Germany's coronavirus reproduction rate jumps to 1.79: RKI
BERLIN (Reuters) - The rate of reproduction of the novel coronavirus in Germany has risen to 1.79 after a series of localized outbreaks, the Robert Koch Institute (RKI) for public health said on Saturday, far above the level required contain it longer term.
The number, a sharp increase of 1.06 on Friday, is a setback for the most populous country in the European Union, which has performed better in the pandemic than many European colleagues, mainly due to early testing and social distance measures.
The institute attributed the rise to a number of local outbreaks that have been observed in places such as meat packaging companies, logistics centers and refugee shelters. Outbreaks have also been linked to church services and family celebrations.
The Prime Minister of the West-North Rhine-Westphalia region warned on Friday of another blockage in the middle of a spiral outbreak in a large slaughterhouse.
"Since the number of cases in Germany is generally low, these outbreaks have a relatively strong impact on the value of the number of reproductions," said RKI. "A nationwide increase in the number of cases is not expected."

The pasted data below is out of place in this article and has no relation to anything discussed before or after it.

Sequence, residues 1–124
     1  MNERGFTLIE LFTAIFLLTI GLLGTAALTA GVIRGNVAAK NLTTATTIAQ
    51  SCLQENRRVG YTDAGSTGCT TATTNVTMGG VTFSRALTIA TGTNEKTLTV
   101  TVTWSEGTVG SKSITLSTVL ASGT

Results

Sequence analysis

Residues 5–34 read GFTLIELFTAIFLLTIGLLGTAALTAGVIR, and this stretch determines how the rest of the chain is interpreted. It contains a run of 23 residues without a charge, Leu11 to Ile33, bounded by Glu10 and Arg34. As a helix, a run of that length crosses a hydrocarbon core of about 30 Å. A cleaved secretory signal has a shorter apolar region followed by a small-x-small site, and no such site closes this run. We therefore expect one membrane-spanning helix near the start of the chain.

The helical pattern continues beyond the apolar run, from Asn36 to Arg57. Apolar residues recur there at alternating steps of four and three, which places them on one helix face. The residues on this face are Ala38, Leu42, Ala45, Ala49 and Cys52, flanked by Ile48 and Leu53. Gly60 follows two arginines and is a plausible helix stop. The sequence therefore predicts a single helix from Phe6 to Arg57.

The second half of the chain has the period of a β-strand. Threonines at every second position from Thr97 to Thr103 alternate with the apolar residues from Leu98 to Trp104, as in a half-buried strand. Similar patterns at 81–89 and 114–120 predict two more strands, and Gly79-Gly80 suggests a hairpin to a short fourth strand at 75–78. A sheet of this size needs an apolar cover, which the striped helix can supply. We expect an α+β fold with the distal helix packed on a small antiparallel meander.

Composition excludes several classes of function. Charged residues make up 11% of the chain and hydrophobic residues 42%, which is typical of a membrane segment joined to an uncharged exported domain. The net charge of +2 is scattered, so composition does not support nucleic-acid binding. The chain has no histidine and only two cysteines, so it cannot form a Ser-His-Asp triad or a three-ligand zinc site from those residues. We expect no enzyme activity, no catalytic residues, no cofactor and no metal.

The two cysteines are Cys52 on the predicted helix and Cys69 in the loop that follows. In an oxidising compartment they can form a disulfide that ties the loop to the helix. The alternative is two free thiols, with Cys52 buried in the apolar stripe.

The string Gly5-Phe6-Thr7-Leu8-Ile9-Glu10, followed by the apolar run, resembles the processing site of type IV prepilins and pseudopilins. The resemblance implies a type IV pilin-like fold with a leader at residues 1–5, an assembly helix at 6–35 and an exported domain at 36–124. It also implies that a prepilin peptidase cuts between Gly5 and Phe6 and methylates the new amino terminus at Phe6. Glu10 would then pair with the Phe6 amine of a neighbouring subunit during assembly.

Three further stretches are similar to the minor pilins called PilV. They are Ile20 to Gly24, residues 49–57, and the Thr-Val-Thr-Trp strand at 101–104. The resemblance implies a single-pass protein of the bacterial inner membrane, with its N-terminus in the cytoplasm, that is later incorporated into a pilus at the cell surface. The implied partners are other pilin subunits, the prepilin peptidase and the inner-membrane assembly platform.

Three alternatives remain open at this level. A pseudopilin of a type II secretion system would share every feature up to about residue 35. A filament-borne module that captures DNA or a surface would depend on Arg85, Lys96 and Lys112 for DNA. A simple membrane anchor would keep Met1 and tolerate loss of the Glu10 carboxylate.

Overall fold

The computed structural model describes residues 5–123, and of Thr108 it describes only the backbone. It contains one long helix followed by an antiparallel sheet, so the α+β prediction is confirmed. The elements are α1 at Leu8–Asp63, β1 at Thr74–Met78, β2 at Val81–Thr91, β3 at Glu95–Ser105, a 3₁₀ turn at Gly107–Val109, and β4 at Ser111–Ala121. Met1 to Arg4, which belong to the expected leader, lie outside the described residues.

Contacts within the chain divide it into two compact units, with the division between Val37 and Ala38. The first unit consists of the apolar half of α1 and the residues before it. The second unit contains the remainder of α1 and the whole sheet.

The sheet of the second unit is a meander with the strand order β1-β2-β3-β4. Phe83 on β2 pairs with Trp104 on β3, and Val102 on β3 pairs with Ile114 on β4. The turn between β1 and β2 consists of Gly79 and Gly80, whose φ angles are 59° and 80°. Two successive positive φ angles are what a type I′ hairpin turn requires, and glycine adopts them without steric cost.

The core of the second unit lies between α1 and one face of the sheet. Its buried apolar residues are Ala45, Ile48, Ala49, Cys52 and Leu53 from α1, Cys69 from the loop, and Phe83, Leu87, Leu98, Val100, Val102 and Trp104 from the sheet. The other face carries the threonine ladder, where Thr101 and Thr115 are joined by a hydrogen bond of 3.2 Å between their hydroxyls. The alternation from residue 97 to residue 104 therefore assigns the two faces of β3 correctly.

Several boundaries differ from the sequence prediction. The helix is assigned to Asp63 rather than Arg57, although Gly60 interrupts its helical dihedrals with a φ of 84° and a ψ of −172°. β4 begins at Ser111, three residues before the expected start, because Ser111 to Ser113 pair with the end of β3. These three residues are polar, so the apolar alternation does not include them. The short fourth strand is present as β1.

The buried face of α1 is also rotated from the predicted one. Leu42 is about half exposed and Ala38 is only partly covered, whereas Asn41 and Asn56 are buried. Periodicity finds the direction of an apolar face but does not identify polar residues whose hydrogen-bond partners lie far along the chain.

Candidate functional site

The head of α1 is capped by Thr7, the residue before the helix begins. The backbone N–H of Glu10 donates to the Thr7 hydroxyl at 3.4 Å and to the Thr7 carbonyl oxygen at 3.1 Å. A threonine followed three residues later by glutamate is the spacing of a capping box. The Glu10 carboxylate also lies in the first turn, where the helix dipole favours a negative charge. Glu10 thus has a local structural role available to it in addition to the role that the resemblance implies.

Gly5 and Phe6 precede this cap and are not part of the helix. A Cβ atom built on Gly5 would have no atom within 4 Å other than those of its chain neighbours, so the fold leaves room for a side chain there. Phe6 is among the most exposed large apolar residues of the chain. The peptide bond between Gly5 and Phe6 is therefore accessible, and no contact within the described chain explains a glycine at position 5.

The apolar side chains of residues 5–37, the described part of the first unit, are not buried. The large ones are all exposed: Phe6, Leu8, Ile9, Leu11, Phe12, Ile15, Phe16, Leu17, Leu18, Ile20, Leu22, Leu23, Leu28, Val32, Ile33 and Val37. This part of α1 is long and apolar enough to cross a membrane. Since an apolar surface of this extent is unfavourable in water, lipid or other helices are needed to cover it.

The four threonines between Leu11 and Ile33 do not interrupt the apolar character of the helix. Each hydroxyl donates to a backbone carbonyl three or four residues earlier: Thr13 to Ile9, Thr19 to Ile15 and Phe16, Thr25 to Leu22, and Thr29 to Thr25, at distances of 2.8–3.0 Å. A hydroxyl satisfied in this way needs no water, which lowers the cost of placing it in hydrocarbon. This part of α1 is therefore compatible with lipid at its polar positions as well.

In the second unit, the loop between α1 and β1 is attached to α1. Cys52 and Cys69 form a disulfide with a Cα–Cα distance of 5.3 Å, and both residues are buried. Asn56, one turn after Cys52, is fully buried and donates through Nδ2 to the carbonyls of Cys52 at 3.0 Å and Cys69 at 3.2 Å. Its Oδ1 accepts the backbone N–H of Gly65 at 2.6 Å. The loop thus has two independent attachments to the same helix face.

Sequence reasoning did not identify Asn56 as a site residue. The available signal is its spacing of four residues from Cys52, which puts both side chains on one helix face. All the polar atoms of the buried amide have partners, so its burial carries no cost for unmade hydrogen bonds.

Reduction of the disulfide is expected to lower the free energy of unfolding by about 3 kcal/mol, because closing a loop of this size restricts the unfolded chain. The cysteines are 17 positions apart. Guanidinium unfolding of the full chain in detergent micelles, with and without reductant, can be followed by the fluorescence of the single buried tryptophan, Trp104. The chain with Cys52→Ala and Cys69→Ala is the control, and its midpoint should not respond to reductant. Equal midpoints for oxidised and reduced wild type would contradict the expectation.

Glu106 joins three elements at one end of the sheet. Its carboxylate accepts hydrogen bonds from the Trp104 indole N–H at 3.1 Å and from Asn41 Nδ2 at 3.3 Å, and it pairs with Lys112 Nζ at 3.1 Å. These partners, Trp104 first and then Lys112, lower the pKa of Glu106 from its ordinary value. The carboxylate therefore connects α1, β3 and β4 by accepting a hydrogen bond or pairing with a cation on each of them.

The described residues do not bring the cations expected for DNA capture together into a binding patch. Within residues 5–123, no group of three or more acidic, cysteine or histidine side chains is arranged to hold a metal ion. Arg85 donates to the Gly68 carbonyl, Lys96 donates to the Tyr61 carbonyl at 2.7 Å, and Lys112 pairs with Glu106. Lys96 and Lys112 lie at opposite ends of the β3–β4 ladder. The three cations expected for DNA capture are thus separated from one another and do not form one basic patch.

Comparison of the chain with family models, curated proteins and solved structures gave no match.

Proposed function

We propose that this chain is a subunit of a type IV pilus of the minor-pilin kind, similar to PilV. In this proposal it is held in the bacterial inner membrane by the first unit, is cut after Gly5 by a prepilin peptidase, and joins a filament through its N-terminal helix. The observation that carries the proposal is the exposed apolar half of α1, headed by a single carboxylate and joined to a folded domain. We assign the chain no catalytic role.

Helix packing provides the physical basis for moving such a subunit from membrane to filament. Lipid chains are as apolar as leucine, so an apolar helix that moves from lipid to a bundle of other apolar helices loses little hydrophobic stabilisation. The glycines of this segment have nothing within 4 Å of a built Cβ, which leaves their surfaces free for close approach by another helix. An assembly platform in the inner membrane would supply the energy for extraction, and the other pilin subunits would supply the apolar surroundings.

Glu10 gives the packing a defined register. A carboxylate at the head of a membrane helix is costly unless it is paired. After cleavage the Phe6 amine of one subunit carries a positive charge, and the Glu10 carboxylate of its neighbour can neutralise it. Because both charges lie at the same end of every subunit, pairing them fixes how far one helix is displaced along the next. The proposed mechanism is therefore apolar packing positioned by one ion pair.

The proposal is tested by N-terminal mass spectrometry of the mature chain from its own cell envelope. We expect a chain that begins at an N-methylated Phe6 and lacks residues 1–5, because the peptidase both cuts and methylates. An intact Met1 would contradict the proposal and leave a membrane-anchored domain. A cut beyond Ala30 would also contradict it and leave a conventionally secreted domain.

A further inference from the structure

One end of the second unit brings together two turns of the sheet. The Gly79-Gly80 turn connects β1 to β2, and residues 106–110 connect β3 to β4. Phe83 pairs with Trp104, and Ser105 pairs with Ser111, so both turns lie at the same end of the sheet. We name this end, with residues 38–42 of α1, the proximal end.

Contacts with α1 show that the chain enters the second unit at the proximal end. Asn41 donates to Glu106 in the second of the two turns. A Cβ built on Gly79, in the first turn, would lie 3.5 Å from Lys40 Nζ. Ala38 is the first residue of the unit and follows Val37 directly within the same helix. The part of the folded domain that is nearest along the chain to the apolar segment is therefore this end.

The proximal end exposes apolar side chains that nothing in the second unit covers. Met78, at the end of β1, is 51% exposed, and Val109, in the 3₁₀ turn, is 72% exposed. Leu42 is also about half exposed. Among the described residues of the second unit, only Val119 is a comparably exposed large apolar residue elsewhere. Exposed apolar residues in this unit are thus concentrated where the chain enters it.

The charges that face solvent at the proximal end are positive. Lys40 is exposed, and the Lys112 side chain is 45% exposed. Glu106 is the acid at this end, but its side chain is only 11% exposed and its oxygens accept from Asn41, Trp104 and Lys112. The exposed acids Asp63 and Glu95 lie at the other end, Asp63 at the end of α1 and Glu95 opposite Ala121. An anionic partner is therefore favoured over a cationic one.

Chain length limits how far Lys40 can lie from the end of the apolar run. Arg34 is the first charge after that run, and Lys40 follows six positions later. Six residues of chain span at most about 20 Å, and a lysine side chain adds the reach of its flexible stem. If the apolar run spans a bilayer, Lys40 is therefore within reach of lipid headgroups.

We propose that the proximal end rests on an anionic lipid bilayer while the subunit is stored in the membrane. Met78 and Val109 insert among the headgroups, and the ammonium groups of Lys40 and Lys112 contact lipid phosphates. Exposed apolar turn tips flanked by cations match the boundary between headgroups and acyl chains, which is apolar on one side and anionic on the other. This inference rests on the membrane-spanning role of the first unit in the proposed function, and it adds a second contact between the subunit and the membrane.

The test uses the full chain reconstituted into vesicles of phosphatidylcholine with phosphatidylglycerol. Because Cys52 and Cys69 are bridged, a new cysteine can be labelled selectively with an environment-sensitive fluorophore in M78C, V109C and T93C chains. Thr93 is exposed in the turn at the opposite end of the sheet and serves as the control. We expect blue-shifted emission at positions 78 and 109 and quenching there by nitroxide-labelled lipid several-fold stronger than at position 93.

After short-term effects, the government-affiliated institute estimated the country's reproductive rate from 1.17 on Friday to 1.55.
A reproductive rate or "R" of 1.79 means that 100 people infected with the virus infect an average of 179 other people. A rate of less than 1 is required to gradually contain the disease.
Although coping with the coronavirus crisis is one of the most successful in Europe, outbreaks have occurred repeatedly in Germany in slaughterhouses, the employees of which are often migrants who live in crowded, company-provided accommodation.
Chancellor Angela Merkel preferred to keep the blocking discipline longer, but Germany finally relaxed the restrictions under pressure from the regional prime ministers.
(Reporting by Thomas Seythal; editing by Giles Elgood and Jan Harvey)
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